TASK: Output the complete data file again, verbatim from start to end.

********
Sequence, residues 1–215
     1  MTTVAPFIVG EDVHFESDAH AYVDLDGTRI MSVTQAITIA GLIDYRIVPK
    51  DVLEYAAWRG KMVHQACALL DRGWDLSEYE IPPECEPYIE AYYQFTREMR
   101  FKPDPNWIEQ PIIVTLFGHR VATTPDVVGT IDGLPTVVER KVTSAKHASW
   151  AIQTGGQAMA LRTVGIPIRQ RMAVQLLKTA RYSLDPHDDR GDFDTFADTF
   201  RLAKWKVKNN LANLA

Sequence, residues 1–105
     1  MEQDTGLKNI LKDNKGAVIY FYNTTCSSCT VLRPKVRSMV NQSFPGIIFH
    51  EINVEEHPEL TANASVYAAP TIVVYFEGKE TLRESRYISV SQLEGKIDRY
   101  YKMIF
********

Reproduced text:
Sequence, residues 1–215
     1  MTTVAPFIVG EDVHFESDAH AYVDLDGTRI MSVTQAITIA GLIDYRIVPK
    51  DVLEYAAWRG KMVHQACALL DRGWDLSEYE IPPECEPYIE AYYQFTREMR
   101  FKPDPNWIEQ PIIVTLFGHR VATTPDVVGT IDGLPTVVER KVTSAKHASW
   151  AIQTGGQAMA LRTVGIPIRQ RMAVQLLKTA RYSLDPHDDR GDFDTFADTF
   201  RLAKWKVKNN LANLA

Sequence, residues 1–105
     1  MEQDTGLKNI LKDNKGAVIY FYNTTCSSCT VLRPKVRSMV NQSFPGIIFH
    51  EINVEEHPEL TANASVYAAP TIVVYFEGKE TLRESRYISV SQLEGKIDRY
   101  YKMIF